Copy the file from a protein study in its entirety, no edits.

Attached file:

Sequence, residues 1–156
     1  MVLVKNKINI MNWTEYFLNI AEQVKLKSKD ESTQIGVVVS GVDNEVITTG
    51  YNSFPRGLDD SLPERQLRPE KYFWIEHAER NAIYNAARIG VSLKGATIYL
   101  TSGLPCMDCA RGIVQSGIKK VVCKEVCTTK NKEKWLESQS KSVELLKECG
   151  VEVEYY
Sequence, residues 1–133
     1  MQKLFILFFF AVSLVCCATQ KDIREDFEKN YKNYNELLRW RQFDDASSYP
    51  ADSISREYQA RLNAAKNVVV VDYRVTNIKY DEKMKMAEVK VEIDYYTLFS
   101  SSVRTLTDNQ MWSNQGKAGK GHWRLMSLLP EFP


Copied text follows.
Sequence, residues 1–156
     1  MVLVKNKINI MNWTEYFLNI AEQVKLKSKD ESTQIGVVVS GVDNEVITTG
    51  YNSFPRGLDD SLPERQLRPE KYFWIEHAER NAIYNAARIG VSLKGATIYL
   101  TSGLPCMDCA RGIVQSGIKK VVCKEVCTTK NKEKWLESQS KSVELLKECG
   151  VEVEYY
Sequence, residues 1–133
     1  MQKLFILFFF AVSLVCCATQ KDIREDFEKN YKNYNELLRW RQFDDASSYP
    51  ADSISREYQA RLNAAKNVVV VDYRVTNIKY DEKMKMAEVK VEIDYYTLFS
   101  SSVRTLTDNQ MWSNQGKAGK GHWRLMSLLP EFP